As one half of the dynamic duo behind the acclaimed documentary, The Business of Being Born, director Abby Epstein is passionate about putting moms-to-be back in the driver seat when it comes to giving birth. A mother herself to Matteo, born June 2006, and Pietro, born February 2010, she sees parenting as a long continuum of choices that begins well before you hold your baby for the first time. "You start making decisions for your children from the minute you get pregnant," she says. "Those are parenting decisions." Here, Epstein talks about the business of being in the Baby Zone.
What's your golden rule of parenting?
Oh, God—do I have one? I'm still trying to figure out any rules. I try to be open and flexible and stay in tune with my children and their ever-changing needs. It's about having boundaries—but not being too attached to any firm plans because your children tend to blow those up in smoke really quickly.
Describe the best moment of parenting so far.
The best moments are when you see your child overcome something and grow. My older son used to have a lot of separation anxiety and dropping him off at preschool was always fraught with tears. Now I see him do all of these things, go to camp, ski school. It's amazing when you see them blossom and grow into their own person and push through their fears and anxieties.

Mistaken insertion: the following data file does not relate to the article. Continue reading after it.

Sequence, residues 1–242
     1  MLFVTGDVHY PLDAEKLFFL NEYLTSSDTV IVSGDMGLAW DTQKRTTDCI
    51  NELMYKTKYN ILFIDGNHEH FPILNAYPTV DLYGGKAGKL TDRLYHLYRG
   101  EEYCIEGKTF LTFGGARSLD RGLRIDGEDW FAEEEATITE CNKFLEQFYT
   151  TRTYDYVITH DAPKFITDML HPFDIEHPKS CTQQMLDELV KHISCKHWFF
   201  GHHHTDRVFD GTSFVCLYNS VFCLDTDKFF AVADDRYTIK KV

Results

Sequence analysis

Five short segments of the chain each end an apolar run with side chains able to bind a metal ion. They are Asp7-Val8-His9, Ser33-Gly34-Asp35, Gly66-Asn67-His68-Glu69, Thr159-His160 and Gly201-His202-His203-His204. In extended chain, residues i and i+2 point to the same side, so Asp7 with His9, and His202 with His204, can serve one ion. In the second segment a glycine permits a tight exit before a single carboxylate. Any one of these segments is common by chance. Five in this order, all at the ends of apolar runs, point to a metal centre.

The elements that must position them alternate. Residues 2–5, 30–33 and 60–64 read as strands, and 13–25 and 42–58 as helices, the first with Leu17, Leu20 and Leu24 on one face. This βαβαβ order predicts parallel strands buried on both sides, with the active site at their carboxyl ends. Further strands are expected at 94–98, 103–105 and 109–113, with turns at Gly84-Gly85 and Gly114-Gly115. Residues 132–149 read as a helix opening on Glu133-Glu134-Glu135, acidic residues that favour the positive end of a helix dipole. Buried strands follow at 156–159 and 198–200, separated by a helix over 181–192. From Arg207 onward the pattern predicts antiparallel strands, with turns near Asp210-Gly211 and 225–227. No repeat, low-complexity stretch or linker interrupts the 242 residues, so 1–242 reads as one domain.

And the worst?
The worst for me is when you feel like you're subjecting your child to some necessary evil and you don't have any control over it. My older son had a minor surgery when he was a year old. He was terrified, and it was traumatic to just sit in the waiting room. You're putting your child's fate in someone else's hands. You have no control.
Best advice you ever got?
My first birth was so unexpected— it was early, nothing went as planned. People said to me, "Welcome to parenting!"—that it was the best preparation for parenthood you could ever have. You just can't anticipate the experience and who your kid is going to be. My kid needed a certain kind of birth, and that was a huge upset and shock, but it's not about you in the end. Basically, you need to be constantly prepared to not be prepared for what's next.
What's the one thing you can't live without?
Help. It's so easy to stop caring for yourself and stop fulfilling your needs, to say to yourself, "Oh, I don't have to go to yoga, I have to take care of the baby." You really need to have mommy substitutes—relatives or childcare. It does take a village.
Finish this sentence: You know you're in the Baby Zone when...
...you're crouched down in a tiny airplane bathroom stall and there's crazy turbulence and you're still holding your 24-month-old on the potty. Fasten Seatbelt sign? Sorry, my 2-year-old has to poop!